Last month, the Science Policy Office attended many climate change events, such as theCQ-Roll Call Climate Change Conference on various aspects of global warming, in the context of the Waxman-Markey Bill (cuts carbon emissions 17% by 2020) and the Kerry-Boxer Bill, now before the Senate (increases cuts to 20% and reduces allowances). Later in October, the Senate Environment and Public Works Committee held on K-B. Sen. Kerry testified that his bill would balance the rising costs of farming in the Midwest by providing farmers extra income from carbon offsets and renewables production. USDA Secretary Vilsack submitted c supporting this statement, assuring farmers and ranchers that such legislation will benefit them if quick action is taken. However, Bob Stallman, president of the Farm Bureau, that income to farmers from offsets will fail to make up for cost increases in food, fuel, and feed crippling American agriculture.
It is generally accepted that legislation will change many aspects of business in the US, including agriculture. While much of the attention paid to agriculture and climate change focuses on offsets, the panelists at the Conference posited that it may be far more lucrative for farmers to produce renewable energy on the side, rather than offsetting carbon by resting land. For example, biogas produced from animal waste, grasses grown for cellulosic ethanol (also sequestering carbon dioxide), or wind turbines placed in the margins between fields can all provide added sources of income and/or energy. The Farm Bureau wants the USDA to assess whether potential revenue from offsets makes up for the increased costs to the farmer associated with those offsets. However, such studies have already been done.
Farmers are legitimately concerned that W-M makes no provisions for fossil fuel alternatives. Natural gas is a good alternative to oil, but is also used to produce fertilizer, and so its increased use as a fuel raises the price of synthetic fertilizer. More widespread employment of soil nutrient analysis would allow farmers tostrategically fertilize, in many cases reducing the cost of fertilizer in their operations and the risk that nutrients will reach nearby bodies of water. There are also alternatives that can reduce the amount of synthetic fertilizers needed, such as chicken litter, although this can also cause problems with nutrientpollution. Efficiency is a relatively easy first step in addressing most aspects of climate change.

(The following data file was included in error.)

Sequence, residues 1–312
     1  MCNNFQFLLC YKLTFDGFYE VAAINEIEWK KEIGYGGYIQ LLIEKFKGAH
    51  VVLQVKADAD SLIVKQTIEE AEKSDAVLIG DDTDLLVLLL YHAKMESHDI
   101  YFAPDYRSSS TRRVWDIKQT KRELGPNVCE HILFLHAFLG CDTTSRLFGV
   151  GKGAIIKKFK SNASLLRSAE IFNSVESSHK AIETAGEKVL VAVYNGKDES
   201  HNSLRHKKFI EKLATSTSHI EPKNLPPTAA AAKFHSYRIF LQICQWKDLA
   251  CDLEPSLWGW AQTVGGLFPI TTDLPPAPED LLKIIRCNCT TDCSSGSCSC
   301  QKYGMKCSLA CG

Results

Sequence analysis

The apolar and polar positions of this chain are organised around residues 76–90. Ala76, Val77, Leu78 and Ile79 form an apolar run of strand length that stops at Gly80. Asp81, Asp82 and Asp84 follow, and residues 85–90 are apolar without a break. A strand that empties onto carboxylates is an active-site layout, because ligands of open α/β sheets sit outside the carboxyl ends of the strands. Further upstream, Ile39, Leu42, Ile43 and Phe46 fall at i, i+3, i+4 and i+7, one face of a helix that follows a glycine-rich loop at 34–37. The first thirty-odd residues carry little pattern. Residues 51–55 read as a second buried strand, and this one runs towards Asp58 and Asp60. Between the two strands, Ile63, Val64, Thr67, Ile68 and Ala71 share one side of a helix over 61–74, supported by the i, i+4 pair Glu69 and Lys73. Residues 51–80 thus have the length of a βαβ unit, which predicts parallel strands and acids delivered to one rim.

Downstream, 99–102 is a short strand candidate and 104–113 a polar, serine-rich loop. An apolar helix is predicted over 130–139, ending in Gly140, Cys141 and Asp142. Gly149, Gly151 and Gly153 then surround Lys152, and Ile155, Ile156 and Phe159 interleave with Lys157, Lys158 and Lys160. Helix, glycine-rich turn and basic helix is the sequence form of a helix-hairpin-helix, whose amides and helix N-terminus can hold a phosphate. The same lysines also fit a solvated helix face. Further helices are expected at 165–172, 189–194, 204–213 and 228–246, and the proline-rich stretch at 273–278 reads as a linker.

Many industries, including agriculture, are wary of the EPA, which has just issued their final Endangerment Findings on GHGs under the Clean Air Act. The Farm Bureau prefers to take their chances with legislation, but they are concerned that K-B leaves the Clean Air Act too powerful. According to the EPA, though, agriculture and forestry now sequester 11% of current GHGs and have the potential to offset upwards of 20%; there is much that can be done to clean up the responsible operations (mostly AFOs and CAFOs). Agriculture produces 7-8% of GHGs yearly.
This week, 25x’25, a coalition of farm leaders, conservationists, and industry, released a report that should help put this debate to rest. The study was conducted by the University of Tennessee’s Bio-Based Energy Analysis Group, which is composed of a varied group of researchers– agricultural economists, engineers, agronomists, and environmental scientists. They found that a cap and trade system with a “meaningful but moderate” carbon price and opportunities for agricultural offsets would net positive returns for farmers, even considering rising prices of inputs. This scenario offers significant carbon benefits and does not incentivize the conversion of agricultural land to forest. They compared several models, including one with EPA regulation instead of cap and trade. Farmers fared very poorly in this scenario, experiencing net losses and losing sixty million acres of cropland to forest.
I also saw Senator Bernie Sanders speak in person twice, and he gave a very poignant speech. He is one of the rare politicians who can reconcile agriculture with the environment in his state, supporting both. So I’ll leave you with my favorite quote from the day, explaining why he thinks it’s necessary to take strong and swift action against climate change. “Let me remind people who might say that the vision I am outlining is too radical, I want you to think about December 8th, 1941, the day after Pearl Harbor, when President Roosevelt declared war against Japan. Within a year and a half . . . the United States had transformed its economy . . . [into wartime production]. We did that in a year and a half in the early 1940’s. So please do not tell me that in the year 2009 with all of the advanced technology out there that this country cannot lead the world in transforming our energy system . . ..”